Johnson's plans to override Brexit withdrawal agreement 'treacherous betrayal', says O'Neill

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The British Prime Minister Boris Johnson is reportedly drawing up new legislation that will override the Brexit withdrawal agreement on Northern Ireland, according to the Financial Times.

The move could risk the collapse of talks with the EU over a free trade deal.

The UK Labour Party says it would be an act of '"immense bad faith".

Meanwhile, Mr Johnson says Britain will walk away from negotiations in 38 days time.

As part of the terms of the Northern Ireland Protocol, the region is expected to continue to follow some EU rules after the transition period ends in 2021 to ensure there is no hard border.

Northern Ireland Deputy First Minister Michelle O’Neill tweeted that any threat of backtracking on the protocol would be a “treacherous betrayal which would inflict irreversible harm on the all-Ireland economy and the Good Friday Agreement”.

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Ms O’Neill stressed the need for the protocol to be fully implemented as soon as possible and to “avoid any border in Ireland”.

Scottish First Minister Nicola Sturgeon said the move would constitute a repudiation by the Government of a treaty “freely negotiated by it” and which was described as “oven ready” by Mr Johnson.

She tweeted this would “significantly increase” the likelihood of a no-deal Brexit, and the “resulting damage to the economy will be entirely Tory inflicted. What charlatans”.

SDLP leader Colum Eastwood said the British government would be undermining the Good Friday Agreement, risking the future of the UK and destroying its own credibility on the world stage if it proceeded with one of the most “reckless” acts concerning Ireland by a British government “in a long long time”.

“It’s absolutely astonishing that any government who says they want to go and do trade deals around the world would just rip up an agreement that they made a few months ago with the European Union,” Mr Eastwood told BBC Radio 4’s Westminster Hour.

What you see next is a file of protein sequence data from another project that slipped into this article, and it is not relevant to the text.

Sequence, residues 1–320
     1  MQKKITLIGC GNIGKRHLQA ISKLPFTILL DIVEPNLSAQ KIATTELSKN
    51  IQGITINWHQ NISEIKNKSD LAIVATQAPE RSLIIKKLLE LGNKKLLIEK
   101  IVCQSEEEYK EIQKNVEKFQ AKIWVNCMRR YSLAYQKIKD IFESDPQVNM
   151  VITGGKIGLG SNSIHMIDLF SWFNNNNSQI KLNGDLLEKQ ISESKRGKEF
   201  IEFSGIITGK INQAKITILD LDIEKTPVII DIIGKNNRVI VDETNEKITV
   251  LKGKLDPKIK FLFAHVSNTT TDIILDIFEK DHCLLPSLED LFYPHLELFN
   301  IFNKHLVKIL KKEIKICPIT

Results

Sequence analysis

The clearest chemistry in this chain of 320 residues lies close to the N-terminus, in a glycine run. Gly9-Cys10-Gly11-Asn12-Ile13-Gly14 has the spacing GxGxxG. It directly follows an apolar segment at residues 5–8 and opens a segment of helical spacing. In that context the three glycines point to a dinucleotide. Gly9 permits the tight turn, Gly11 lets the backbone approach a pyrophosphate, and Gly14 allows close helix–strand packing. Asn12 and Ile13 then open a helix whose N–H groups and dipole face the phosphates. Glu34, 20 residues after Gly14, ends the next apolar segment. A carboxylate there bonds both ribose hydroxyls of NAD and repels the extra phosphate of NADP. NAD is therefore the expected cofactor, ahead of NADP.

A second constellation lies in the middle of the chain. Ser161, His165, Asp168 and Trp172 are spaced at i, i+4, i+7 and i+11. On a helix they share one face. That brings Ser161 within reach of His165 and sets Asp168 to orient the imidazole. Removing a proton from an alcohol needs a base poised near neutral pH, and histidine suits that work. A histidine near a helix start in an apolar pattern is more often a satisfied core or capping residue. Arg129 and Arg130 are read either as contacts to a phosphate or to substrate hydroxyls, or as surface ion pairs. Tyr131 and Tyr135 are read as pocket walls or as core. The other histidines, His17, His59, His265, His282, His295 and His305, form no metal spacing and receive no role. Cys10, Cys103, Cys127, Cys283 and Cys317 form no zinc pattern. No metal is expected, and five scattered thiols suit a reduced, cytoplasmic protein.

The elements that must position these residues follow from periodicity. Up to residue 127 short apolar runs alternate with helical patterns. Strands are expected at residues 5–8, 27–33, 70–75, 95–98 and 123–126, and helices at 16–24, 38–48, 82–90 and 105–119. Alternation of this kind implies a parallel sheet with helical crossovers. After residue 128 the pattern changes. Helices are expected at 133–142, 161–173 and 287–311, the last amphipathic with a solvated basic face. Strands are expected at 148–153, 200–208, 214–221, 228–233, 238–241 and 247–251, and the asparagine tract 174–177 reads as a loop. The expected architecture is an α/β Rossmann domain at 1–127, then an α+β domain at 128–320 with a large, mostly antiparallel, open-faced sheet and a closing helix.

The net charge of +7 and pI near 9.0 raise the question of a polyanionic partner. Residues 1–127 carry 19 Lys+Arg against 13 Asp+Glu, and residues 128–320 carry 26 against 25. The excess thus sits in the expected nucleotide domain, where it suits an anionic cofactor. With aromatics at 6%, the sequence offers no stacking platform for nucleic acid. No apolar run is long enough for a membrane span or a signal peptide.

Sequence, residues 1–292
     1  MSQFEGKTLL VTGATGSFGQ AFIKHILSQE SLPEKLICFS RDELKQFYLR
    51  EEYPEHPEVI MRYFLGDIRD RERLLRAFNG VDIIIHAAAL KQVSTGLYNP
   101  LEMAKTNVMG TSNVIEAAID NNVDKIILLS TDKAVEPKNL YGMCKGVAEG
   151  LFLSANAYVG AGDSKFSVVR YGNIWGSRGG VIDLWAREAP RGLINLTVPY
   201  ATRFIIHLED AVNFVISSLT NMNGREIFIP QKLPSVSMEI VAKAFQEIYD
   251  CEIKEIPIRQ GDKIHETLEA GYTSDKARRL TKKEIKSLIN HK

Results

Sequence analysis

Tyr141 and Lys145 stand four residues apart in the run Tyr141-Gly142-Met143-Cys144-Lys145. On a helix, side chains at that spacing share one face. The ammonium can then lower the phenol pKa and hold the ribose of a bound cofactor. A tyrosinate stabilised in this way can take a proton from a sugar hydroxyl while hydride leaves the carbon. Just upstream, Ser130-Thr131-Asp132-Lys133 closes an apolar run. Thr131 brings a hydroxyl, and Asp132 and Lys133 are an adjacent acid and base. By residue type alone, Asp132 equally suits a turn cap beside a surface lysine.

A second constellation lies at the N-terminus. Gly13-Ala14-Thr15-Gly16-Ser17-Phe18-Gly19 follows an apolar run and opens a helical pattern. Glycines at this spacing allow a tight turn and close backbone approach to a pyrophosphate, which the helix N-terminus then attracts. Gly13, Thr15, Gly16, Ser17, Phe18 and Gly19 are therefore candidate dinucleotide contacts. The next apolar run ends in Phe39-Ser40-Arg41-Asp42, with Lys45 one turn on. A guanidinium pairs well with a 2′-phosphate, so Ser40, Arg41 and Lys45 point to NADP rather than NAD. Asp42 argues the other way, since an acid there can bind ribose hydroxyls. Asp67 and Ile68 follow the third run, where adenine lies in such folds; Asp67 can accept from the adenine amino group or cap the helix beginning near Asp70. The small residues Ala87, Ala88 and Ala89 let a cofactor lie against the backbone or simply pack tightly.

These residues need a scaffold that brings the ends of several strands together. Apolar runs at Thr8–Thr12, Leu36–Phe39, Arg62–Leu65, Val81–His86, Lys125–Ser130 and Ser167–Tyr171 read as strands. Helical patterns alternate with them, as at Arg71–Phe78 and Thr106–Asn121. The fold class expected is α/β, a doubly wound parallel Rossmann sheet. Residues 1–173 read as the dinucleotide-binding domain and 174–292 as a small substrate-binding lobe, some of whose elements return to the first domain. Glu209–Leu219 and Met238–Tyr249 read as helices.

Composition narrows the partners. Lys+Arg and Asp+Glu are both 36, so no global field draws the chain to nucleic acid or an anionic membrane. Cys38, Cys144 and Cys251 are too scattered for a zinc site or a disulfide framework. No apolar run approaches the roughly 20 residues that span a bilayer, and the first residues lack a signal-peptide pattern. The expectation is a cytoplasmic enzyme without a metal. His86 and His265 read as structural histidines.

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“And what they would be doing in that would be undermining the Good Friday Agreement which is an agreement voted for by the vast majority of people on the island of Ireland, they’d be risking a hard border in our country and they’d be threatening the peace and security that we’ve built up over decades.

Leader of the SDLP Colum Eastwood. Photo: Liam McBurney

“It would be the most reckless act that a British government, and they’ve made many reckless acts in Ireland … in a long, long time and if they do this their international credibility I think would be shot to pieces.”

Mr Eastwood said he hoped the reported manoeuvrings by the British government were “just posturing, because if they try to do this at the same time as trying to convince people in Scotland and Northern Ireland about the future of their Union, well they may as well forget about that as well, because people here will see this as a tremendous act of bad faith”.

Minister for Foreign Affairs Simon Coveney said the reported development would be “a very unwise way to proceed”.

Despite the accusations, UK environment secretary George Eustice said the story did not reflect what was actually happening.

"The news this morning can obviously exaggerate certain things. The point is the Northern Ireland protocol is agreed.

"We are working in good faith but it was always recognised that there are a few minor technical issues that still needed to be resolved through a joint-committee process and that work is ongoing."

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